Overview of Australia’s aid program to Indonesia
2013/14 Estimated Outcome: $574.1 million
2014/15 Budget Estimate: $605.3 million
Australia’s aid program to Indonesia is designed to support prosperity, stability and security in one of our closest neighbours. The program includes a range of investments designed to promote sustainable economic growth, good governance and stability. Indonesia is a large middle-income country with great potential; the aid program aims to help it fulfil it. But because our aid program is dwarfed by the scale of Indonesia’s economy, we do not aim to achieve impact by simply adding to Indonesia’s resources. Rather, we seek to add value to Indonesia’s efforts. We do this by selecting issues that are important to the Government of Indonesia and by providing high quality, flexible and responsive assistance. We focus on strengthening institutions and infrastructure to ensure Indonesia provides an environment receptive to trade and investment, while also developing its human capital, particularly women and girls. In March 2014 we agreed with the Indonesia Government to develop a new partnership strategy, which will come into effect during 2015. This strategy will reflect our priorities but will also work towards the goals Indonesia has set for itself in its Medium Term Development Plan.
Indonesia is one of Australia’s closest neighbours and faces increasingly complex development challenges. Like other developing countries, Indonesia has had recent success achieving economic growth but is still afflicted by poverty. More than 105 million Indonesians live on less than US$2 per day. Indonesia remains vulnerable to shocks, like a natural disaster or an economic downturn, that could have devastating effects. An Indonesian woman is 30 times more likely to die in childbirth than an Australian woman and one in three children under the age of five suffer from stunting, caused by malnutrition. About 120 million Indonesians do not have access to safe drinking water while about 110 million do not have adequate sanitation.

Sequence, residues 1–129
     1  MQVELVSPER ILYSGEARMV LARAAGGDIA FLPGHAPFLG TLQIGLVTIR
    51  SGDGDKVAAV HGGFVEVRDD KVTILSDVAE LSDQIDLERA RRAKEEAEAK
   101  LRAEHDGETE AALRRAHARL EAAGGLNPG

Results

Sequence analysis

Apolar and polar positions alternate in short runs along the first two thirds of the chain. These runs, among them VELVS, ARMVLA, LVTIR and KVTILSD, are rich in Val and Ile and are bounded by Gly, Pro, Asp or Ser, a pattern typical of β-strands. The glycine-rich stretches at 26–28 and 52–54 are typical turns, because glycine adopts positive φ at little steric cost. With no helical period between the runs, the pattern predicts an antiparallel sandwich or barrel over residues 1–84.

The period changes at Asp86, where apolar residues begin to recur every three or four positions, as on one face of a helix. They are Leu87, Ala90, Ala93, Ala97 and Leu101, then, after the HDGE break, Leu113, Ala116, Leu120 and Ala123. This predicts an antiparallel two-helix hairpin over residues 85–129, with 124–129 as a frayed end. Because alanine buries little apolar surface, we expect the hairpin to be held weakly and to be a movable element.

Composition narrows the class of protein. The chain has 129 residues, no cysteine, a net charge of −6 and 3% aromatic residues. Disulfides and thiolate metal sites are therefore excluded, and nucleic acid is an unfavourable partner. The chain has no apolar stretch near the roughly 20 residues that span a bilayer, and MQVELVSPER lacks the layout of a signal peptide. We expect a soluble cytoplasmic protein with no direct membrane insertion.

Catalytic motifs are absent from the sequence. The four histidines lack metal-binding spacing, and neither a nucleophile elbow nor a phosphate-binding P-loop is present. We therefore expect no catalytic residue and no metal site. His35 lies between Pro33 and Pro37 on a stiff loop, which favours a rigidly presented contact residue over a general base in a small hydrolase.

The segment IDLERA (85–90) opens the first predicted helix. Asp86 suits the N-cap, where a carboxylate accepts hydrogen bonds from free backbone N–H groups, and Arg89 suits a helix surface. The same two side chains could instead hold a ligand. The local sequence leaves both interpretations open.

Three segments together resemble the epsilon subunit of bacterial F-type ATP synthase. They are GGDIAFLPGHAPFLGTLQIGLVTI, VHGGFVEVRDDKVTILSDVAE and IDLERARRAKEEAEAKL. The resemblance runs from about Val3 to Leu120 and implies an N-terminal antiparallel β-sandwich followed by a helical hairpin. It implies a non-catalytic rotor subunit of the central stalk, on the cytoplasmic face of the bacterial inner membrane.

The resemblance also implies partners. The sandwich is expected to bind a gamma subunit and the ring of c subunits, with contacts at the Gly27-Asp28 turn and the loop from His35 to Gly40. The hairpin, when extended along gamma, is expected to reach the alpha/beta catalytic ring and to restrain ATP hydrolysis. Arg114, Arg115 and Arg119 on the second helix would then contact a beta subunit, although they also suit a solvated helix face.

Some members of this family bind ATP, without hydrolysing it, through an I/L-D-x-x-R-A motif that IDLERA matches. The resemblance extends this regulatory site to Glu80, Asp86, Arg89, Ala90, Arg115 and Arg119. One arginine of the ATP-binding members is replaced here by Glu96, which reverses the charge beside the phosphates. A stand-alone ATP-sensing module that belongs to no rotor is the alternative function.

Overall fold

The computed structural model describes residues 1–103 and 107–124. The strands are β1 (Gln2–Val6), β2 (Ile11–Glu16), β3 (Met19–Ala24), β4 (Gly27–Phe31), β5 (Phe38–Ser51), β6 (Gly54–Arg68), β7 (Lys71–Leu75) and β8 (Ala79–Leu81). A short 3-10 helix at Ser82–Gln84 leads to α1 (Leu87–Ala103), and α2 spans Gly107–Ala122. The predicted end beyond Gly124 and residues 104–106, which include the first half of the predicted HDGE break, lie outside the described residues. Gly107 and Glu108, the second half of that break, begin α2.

We have a strong track record of working together with Indonesia to deliver results that have contributed to economic growth and reduced poverty. We will continue to build on this partnership, identifying areas where Australia can support Indonesia’s own programs. In order to improve Indonesia’s ability to deliver better results, the aid program is moving away from direct service delivery and toward providing systems strengthening, innovation and strategic technical assistance.
The major areas of focus of the program are: helping Indonesia address acute infrastructure bottlenecks; improving economic and social governance to help Indonesia get its policy settings right and provide the foundation for higher growth and trade; supporting the Indonesian Government to provide better health and education services; and building capacity and people-to-people links through the Australia Awards. We work in the following sectors:
Australia is working with Indonesia to address the health needs of women and children, tackle HIV, malaria and emerging infectious diseases, and to improve its health systems. We are also assisting it to plan for the long term by strengthening its public health policy and budgetary capacity.
Health assistance in Indonesia
Australia has a long history of working to improve Indonesia’s education sector, which is crucial to its future economic development. Our current program is providing thousands of new school places, while also working to improve school administration quality.
Education assistance in Indonesia
Australia has provided support to Indonesia’s law and justice sector for over 10 years, helping develop robust legal and justice systems, well-run elections and an active civil society. The aid program is also assisting the Indonesian government to strengthen its ability to formulate and implement economic and budgetary policy.
Australia is working with Indonesia to build, maintain and improve infrastructure services focusing on the road, transport and water and sanitation sectors. We provide grants, loans and technical advice to ensure that infrastructure reaches the people who need it, improving health results and promoting economic and social development.